Friends of the Earth (FoE) said yesterday that the UK’s advertising regulator had dropped a case into a leaflet it produced on fracking.
Trade body UK Onshore Oil and Gas (UKOOG) said the Advertising Standards Association (ASA) had ruled that a number of claims made in the leaflet “Pat Saved Her Home From Fracking. You Can Save Yours too” were misleading.
UKOOG said the ASA had taken issue with claims that fluid used in fracking would contaminate drinking water, that fracking had increased asthma rates in the US, that the controversial gas extraction technique raised the risk of cancer, and that it would cause house prices to plummet.
UKOOG said FoE had agreed to withdraw all the claims and would refrain from repeating them.
Ken Cronin, chief executive of UKOOG, said independent scientific, health and regulatory experts had concluded that the information is the leaflet was fundamentally false.
Mr Cronin said: “The opponents of onshore oil and gas development must withdraw their scaremongering rhetoric and argue on the basis of the facts, which quite clearly show that the risks associated with fracking can be mitigated by the strong regulation and world renowned best practice that we benefit from in the UK.”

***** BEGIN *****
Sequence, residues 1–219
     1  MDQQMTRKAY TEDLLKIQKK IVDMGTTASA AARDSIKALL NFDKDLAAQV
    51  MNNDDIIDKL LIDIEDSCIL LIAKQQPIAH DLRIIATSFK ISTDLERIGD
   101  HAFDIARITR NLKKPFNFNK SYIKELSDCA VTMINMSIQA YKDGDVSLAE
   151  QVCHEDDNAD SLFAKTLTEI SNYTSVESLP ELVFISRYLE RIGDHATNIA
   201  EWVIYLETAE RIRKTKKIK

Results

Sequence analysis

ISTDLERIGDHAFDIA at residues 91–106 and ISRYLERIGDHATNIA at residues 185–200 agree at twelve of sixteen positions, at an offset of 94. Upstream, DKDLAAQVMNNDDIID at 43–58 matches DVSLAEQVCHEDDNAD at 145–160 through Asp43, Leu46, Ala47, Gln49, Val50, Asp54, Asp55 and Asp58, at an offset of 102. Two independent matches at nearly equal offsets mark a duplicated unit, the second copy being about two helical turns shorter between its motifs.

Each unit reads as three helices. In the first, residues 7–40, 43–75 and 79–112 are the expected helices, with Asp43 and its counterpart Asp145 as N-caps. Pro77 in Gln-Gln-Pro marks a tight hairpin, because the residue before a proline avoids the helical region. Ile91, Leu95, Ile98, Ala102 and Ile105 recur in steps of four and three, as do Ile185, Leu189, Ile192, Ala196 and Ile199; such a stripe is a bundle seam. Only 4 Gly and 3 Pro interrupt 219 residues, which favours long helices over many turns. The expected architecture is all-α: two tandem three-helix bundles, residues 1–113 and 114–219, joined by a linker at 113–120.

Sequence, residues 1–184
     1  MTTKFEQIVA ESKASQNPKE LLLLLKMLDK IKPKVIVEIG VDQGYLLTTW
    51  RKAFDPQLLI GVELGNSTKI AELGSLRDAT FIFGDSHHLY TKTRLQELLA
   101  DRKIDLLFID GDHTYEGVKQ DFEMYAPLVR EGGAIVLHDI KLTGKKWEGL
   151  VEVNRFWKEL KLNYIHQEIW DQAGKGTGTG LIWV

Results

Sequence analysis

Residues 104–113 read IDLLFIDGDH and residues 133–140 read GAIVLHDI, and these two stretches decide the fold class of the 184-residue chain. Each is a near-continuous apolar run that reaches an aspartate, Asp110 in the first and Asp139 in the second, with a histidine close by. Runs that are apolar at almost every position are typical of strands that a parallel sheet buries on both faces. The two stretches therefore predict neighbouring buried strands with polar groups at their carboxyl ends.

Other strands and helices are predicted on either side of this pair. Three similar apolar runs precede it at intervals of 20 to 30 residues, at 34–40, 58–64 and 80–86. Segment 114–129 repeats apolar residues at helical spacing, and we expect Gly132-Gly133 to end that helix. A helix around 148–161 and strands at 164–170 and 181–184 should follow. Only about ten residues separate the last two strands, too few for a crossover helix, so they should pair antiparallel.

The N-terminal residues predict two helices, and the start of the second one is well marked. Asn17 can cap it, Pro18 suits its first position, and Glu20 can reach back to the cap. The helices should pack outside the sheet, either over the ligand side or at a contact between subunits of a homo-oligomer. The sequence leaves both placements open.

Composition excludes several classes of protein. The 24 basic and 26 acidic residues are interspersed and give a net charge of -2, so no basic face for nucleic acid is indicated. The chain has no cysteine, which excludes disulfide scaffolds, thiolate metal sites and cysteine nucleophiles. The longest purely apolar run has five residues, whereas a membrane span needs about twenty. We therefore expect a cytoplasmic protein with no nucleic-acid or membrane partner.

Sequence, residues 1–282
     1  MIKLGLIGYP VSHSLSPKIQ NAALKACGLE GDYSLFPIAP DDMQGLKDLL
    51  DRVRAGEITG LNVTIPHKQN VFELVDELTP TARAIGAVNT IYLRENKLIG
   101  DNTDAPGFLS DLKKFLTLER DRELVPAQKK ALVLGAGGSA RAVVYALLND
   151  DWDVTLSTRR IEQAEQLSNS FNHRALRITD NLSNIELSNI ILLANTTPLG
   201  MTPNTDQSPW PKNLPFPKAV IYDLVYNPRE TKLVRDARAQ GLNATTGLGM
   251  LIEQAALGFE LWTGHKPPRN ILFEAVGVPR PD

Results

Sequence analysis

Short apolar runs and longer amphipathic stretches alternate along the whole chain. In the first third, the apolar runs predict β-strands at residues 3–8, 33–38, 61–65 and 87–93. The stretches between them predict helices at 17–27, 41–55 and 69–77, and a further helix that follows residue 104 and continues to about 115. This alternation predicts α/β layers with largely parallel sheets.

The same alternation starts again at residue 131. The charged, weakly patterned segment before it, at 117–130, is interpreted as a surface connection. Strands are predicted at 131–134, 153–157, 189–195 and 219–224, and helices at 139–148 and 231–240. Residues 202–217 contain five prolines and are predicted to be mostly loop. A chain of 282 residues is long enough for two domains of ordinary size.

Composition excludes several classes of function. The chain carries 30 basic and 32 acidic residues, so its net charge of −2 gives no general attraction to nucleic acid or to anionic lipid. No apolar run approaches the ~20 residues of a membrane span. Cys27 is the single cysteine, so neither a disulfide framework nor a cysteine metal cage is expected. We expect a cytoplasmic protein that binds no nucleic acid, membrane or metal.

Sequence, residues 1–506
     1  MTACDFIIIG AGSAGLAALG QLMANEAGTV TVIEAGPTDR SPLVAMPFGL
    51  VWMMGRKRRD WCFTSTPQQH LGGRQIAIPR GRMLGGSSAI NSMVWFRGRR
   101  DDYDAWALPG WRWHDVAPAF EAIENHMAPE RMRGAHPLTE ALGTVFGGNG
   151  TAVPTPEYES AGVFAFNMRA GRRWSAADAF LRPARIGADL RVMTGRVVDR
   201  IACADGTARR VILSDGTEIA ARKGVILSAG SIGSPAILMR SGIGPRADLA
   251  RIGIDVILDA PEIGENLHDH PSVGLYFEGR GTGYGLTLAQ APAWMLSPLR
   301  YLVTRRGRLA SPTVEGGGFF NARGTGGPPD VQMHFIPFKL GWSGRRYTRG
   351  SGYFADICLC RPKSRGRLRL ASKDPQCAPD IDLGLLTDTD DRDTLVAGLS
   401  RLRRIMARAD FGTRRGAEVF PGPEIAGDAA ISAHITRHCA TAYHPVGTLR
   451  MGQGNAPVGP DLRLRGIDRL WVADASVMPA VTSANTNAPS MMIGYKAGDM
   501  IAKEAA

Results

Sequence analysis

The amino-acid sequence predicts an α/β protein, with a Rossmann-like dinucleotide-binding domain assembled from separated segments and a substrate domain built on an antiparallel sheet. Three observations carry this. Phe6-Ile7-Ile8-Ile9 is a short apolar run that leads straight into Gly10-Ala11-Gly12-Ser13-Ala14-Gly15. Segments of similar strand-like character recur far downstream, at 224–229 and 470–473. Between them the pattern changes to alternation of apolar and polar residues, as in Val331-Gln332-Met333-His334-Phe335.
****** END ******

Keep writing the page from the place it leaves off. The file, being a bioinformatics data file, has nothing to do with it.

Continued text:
UKOOG said the ASA would publish the ruling today.
But FoE said the case, brought by Cuadrilla, had been “closed with no formal ruling”.
Donna Hume, senior campaigner, Friends of the Earth, said Cuadrilla had made the complaint to “distract from the real issues about fracking, and how burning fossil fuels is dangerous for climate change”.
She said: “This is a pro-fracking company doing all they can to shut down opposition to fracking. It hasn’t worked though. What’s happened instead is that the ASA has dropped the case without ruling.
“We continue to campaign against fracking, alongside local people, because the process of exploring for and extracting shale gas is inherently risky for the environment, this is why fracking is banned or put on hold in so many countries.”
The ASA’s spokesman was not immediately available for comment when contacted yesterday evening.
Recommended for you
Read the latest opinion pieces from our Energy Voice columnists
- Opinion: US Iran Sanction – Undoing the JCPOA?
- Opinion: SMES still face energy “perfect storm”
- Opinion: EU data protection rules, the UK’s statement of intent
- Opinion: Unleashing ‘SturgeonPower’ could transform Scotland’s energy landscape
- Opinion: Iran’s a distraction. The urgent problem is Kurdish oil